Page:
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P and K “fixation” In The Soil: What You Need To Know

By Dan Kaiser

One word that often comes up when discussing phosphorus (P) and potassium (K) fertilizer management is “fixation.” What is nutrient fixation and what should farmers understand about it?

Fixation generally refers to the tendency for nutrients to become “tied up” in the soil and therefore less available to the crop. This happens when nutrients react with the soil, or ions in the soil solution, forming compounds or holding onto nutrients very tightly.

Nutrient fixation is often misunderstood to mean that once a nutrient is “fixed,” it is lost forever and will never be available to the plant. While we know that reactions occur in the soil which can bind elements, the process of fixation is more about “retention.” The so-called “fixed” nutrients may become available at some point, but it can take time.

“Pools” of nutrient availability in the soil

One way to think about nutrients in the soil is that they are in “pools” that vary in how available nutrients are to crops.

When it comes to nutrient availability in the soil, you may hear about something called nutrient “lability.” The word “labile” is an adjective used to describe something that is easily changed. Nutrients are grouped into pools of:

  1. Labile nutrients
  2. Moderately labile nutrients
  3. Non-labile nutrients

These conceptual pools of nutrients are not mutually exclusive. They will change over time based on the amount of nutrients in each pool, but the rate of change will vary, with changes occurring more rapidly in the labile pool and very slowly in the non-labile pool. The point here is that “non-labile” does not necessarily mean the nutrients will not be available to the crop at some point.

Why P fixation is different than K and ammonium fixation

Normally, when we talk about fixation, we are talking about K and ammonium. These ions can fit in pockets on the outside layers of 2:1 clay that is present in most Minnesota soils. As clays shrink and swell, it can affect the release of K to the soil solution. In this case, what we think of as “fixation” is K or ammonium being trapped inside clay layers.

P, on the other hand, is highly reactive with other ions in the soil and can form compounds of varying solubility, with calcium in high pH soils and iron and aluminum in low pH soil. P is not "fixed' in the same sense as K and ammonium. Phosphorus forms compounds in the soil with calcium, iron, and aluminum that can be very insoluble, making P in the soil less available for crop uptake.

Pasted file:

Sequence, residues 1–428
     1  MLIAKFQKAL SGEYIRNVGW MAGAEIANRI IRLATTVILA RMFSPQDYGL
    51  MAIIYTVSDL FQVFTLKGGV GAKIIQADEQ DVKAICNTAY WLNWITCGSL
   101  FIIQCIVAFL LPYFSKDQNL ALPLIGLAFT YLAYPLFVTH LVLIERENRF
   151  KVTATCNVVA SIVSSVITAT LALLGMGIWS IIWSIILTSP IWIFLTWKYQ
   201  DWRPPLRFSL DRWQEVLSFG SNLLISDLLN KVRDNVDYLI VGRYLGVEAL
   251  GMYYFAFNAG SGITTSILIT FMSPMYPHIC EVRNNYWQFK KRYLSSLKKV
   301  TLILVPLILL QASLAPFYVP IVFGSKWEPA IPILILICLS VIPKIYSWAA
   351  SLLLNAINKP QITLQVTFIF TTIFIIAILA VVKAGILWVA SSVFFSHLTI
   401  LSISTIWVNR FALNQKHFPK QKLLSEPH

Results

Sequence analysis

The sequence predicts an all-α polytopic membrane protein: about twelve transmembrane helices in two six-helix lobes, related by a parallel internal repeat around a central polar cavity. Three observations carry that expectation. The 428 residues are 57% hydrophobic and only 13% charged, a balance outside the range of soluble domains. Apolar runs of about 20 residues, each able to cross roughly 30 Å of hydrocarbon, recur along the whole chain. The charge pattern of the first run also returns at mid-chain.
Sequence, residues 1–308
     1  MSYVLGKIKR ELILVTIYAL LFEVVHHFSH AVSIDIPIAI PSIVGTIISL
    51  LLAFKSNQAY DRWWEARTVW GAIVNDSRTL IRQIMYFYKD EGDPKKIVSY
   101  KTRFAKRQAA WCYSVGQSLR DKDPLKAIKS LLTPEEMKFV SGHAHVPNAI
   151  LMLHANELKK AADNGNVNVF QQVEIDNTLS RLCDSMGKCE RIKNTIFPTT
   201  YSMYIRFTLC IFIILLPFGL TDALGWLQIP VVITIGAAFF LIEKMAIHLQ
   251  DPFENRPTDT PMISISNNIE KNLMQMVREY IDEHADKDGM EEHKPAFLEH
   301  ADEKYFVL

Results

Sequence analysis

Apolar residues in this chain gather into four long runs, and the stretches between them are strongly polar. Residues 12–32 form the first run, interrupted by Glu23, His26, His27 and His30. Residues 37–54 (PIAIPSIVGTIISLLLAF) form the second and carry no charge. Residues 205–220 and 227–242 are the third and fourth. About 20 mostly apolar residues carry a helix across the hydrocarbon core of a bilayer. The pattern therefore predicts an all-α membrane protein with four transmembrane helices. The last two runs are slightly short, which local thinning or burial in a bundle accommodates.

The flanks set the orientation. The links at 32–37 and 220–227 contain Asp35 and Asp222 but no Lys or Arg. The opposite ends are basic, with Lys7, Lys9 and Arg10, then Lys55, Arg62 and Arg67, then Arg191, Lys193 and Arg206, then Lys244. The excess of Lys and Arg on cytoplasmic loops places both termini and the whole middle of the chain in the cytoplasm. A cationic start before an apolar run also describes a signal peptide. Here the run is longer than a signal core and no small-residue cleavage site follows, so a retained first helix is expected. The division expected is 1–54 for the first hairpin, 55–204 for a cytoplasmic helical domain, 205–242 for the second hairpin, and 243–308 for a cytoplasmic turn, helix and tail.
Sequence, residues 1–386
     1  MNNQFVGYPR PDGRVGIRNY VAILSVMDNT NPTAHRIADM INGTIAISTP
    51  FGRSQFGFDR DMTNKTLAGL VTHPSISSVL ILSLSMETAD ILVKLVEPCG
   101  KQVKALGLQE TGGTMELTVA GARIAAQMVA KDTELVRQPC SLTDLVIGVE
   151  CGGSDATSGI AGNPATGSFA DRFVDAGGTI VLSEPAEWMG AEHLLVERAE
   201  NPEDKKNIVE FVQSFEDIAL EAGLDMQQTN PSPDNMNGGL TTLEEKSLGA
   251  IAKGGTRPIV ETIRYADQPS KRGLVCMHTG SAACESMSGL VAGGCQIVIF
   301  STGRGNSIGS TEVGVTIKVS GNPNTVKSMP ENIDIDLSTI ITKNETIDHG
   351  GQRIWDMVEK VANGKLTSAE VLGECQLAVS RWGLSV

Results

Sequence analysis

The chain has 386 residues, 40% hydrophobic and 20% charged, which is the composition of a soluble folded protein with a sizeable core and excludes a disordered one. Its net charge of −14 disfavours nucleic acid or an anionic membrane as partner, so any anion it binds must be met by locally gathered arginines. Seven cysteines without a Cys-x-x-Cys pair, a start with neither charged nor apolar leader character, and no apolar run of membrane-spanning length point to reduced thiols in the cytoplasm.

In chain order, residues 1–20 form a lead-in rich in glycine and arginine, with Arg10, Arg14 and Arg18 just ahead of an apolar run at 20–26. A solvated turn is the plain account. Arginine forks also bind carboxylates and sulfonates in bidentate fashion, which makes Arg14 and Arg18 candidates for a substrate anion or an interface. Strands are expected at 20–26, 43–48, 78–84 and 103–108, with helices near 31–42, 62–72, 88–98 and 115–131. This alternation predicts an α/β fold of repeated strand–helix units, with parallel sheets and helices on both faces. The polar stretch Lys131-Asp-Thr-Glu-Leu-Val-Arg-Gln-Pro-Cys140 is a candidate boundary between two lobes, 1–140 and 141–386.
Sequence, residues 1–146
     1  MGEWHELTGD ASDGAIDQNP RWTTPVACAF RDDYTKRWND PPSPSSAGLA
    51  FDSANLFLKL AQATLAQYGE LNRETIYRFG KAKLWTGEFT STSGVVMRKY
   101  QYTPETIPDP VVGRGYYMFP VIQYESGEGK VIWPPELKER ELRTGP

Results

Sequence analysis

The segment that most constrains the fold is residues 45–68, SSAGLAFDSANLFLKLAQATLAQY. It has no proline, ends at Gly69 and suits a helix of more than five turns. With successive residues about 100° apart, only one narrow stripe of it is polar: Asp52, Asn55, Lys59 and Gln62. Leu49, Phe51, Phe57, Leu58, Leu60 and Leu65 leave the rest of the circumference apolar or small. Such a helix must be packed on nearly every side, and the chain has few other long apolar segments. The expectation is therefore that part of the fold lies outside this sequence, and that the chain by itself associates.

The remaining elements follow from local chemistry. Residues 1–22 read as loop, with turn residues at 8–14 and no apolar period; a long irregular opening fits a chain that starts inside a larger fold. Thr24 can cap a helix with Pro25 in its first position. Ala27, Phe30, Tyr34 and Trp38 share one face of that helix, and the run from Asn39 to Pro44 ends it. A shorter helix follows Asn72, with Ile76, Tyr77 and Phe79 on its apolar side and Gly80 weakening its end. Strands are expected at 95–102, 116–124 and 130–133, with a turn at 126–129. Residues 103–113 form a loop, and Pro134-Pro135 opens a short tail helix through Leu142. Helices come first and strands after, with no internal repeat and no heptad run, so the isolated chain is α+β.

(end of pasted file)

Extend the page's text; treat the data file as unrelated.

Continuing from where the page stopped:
Research in Iowa and Minnesota

While people normally think nutrient fixation means that the nutrients are not available to the crop, some recent research in Iowa indicates that this may not be true. Researchers from Iowa State University has found instances where potassium fertilizer does not increase soil test K on some soils but corn or soybean grain yield is increased. However, the amount of “fixed” K in the soil increased in relationship to the amount of K fertilizer applied even though the extractable K was not impacted. Since the crop responded to K, that means that the fixed fraction may not be as “fixed” as believed and may be a bigger part of the annual K cycling to crops.

One of our current projects, funded by the Minnesota Corn Research and Promotion Council, is looking more into fixed potassium in Minnesota and see how it may be impacting crop yields here. This work is in the early stages as we are looking into interactions between applied nitrogen fertilizer and potassium and how that affects fixed potassium and ammonium in the soil. We are also in the process of developing better options for determining available K for crops with this project, as well as other research focused on better understanding K dynamics in the soil.

Lastly, I have been asked about whether biological products can “unlock” fixed nutrients. The simple answer is that there is nothing out there that can be considered a silver bullet that would allow us to not apply fertilizer. Soils that are low in available nutrients will need fertilizer or manure application to produce a profitable corn crop.

Source : umn.edu

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